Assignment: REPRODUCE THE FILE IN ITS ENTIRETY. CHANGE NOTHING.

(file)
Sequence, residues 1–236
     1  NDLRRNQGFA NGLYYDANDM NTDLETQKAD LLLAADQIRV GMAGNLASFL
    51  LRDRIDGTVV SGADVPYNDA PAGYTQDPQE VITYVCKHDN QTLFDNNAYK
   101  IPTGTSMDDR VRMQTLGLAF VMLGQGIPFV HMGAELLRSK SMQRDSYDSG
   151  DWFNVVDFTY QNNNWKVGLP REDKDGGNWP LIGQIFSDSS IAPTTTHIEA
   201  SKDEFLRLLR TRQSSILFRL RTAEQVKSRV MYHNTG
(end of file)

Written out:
Sequence, residues 1–236
     1  NDLRRNQGFA NGLYYDANDM NTDLETQKAD LLLAADQIRV GMAGNLASFL
    51  LRDRIDGTVV SGADVPYNDA PAGYTQDPQE VITYVCKHDN QTLFDNNAYK
   101  IPTGTSMDDR VRMQTLGLAF VMLGQGIPFV HMGAELLRSK SMQRDSYDSG
   151  DWFNVVDFTY QNNNWKVGLP REDKDGGNWP LIGQIFSDSS IAPTTTHIEA
   201  SKDEFLRLLR TRQSSILFRL RTAEQVKSRV MYHNTG